MCS 121 - Calculus I
Fall 2004

Course Description/Online Syllabus

Calculus in many ways is the culmination of 17th century European mathematics. Problems in integral calculus (finding complicated areas) and differential calculus (finding instantaneous rates of change and tangents) date back to antiquity, but the genius of Newton and Leibniz was connecting differential and integral calculus with ``The Fundamental Theorem of Calculus''.

The calculus is the greatest aid we have to the application of physical truth in the broadest sense of the word. - W. F. Osgood

### Web Page

Announcements, course information and assignments will be posted on the course web page.  The URL for this course is http://www.gac.edu/~mcs121/2004F/

### Course Objectives

• To reinforce prior understanding of functions.
• To understand what a derivative is, how to find derivatives (limits, formulas), and how derivatives can be used.
• To understand what definite integrals are (areas, accumulation of change, Riemann sums) and how to find them.
• To develop critical thinking and problem solving skills.
• To have fun doing mathematics.

### Prerequisites

Two years of high school mathematics beyond plane geometry, including trigonometry, or MCS 120.

### Text

Calculus by Hughes-Hallett, Gleason, et. al. (John Wiley & Sons, New York, Third Edition, 2002).

This text is written specifically to aid you in understanding the concepts of calculus.  Our questions and problems will require you to invoke your understanding rather than to mimic template problems worked in the text, so you should read this text, both before and after each class. (Suggestions and more suggestions about how to read mathematics.)

### Calculators

You should have a graphing calculator available for use in class and on exams. If you are buying a new one, the department recommends the TI-83 or TI-86. You may use other calculators (especially other TIs, Casios, HP or Sharp) as long as you are able to enter a simple program into your calculator and you are comfortable with basic graphing features.   Calculators with symbolic algebra capability (e.g. TI-89 or TI-92) will not be allowed during exams.   A couple of calculators are on reserve in the library.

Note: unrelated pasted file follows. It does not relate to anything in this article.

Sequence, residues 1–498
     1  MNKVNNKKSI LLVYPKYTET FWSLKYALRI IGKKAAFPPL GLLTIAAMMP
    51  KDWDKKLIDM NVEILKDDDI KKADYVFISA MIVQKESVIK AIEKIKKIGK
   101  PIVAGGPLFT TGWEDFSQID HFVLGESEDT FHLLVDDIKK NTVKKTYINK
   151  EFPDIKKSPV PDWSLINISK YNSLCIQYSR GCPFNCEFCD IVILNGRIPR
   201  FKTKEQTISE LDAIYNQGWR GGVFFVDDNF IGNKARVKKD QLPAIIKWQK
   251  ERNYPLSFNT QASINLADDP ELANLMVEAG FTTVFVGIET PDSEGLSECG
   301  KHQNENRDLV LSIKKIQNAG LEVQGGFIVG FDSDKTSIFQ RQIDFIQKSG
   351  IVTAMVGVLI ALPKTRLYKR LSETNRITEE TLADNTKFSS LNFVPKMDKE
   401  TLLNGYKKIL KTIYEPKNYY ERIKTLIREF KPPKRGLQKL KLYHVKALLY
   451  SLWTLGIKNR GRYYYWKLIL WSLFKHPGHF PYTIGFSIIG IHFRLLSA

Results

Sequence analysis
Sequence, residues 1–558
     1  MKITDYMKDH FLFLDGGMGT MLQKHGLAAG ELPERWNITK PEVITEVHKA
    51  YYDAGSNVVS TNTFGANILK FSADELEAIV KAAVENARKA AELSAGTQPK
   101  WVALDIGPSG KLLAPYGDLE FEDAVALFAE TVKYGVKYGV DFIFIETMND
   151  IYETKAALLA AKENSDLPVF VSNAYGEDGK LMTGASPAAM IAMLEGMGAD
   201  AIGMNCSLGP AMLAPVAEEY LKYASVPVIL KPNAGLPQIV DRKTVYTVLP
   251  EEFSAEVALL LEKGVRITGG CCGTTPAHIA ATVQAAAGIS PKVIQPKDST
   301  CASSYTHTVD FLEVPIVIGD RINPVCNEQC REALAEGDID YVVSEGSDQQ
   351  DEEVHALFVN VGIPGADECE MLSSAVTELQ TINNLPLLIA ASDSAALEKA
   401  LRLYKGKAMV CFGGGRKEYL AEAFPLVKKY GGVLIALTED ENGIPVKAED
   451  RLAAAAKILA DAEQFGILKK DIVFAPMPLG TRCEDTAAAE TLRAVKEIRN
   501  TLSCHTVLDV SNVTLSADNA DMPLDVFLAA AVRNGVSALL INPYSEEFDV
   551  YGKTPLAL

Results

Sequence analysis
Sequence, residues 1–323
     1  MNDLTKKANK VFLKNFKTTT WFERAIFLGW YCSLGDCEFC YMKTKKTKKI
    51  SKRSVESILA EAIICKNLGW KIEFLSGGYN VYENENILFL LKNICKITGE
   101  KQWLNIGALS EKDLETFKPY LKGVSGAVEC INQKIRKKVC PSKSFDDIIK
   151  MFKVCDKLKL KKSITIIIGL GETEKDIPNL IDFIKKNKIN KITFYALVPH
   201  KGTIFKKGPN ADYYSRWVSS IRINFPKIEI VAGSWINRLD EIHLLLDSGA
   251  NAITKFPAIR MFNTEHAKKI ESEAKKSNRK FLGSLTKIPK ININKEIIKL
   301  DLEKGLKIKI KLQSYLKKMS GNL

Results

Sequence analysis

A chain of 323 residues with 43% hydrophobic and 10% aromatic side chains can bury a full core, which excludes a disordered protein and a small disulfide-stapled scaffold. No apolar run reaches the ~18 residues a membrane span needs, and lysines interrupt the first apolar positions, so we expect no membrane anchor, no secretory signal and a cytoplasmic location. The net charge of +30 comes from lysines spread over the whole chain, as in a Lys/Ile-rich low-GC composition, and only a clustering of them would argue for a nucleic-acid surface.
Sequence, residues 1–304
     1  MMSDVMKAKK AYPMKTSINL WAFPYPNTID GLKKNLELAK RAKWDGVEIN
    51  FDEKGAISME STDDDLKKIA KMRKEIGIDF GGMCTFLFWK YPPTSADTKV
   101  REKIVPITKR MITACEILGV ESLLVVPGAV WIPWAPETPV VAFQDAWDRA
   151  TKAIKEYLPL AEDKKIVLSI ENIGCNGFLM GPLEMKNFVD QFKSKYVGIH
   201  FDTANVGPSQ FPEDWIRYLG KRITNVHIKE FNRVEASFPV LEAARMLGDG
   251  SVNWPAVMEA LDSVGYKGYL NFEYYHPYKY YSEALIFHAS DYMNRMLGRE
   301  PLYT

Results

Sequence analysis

### Exams

We will have two in class skills tests, two exams during the semester and a cumulative final exam. The exams during the semester will be given in the evening. The tests and exams are tentatively scheduled for
• September 23 (in class)
• October 12 (evening)
• November 4 (in class)
• November 18 (evening).
The final exam is tentatively scheduled for Friday, December 17, 3:30 - 5:30 pm.

Please reserve these dates on your calendars. Make-ups will only be given for verifiable emergencies.   In particular, make-ups will never be given to accomodate travel plans.

We will provide you with a number grade on each assignment and on each test, so that you may keep track of your performance. As a guideline, the components will contribute in the following proportion to the final grade:
• 5% WeBWorK
• 15% Homework
• 12% Each skills test
• 18% Each intra-term exam
• 20% Final

The academic honesty policy can be found on page 31 of the 2001-2002 college catalogue.  I call your attention to the following excerpt:  ``In all academic exercises, examinations, papers, and reports, students shall submit their own work. Footnotes or some other acceptable form of citation must accompany any use of another's words or ideas.''

### Accessibility

Please contact your instructor during the first week of class if you have specific physical, psychiatric, or learning disabilities and require accommodations. All discussions will remain confidential. You can provide documentation of your disability to the Advising Center (204 Johnson Student Union) or call Laurie Bickett (x7027).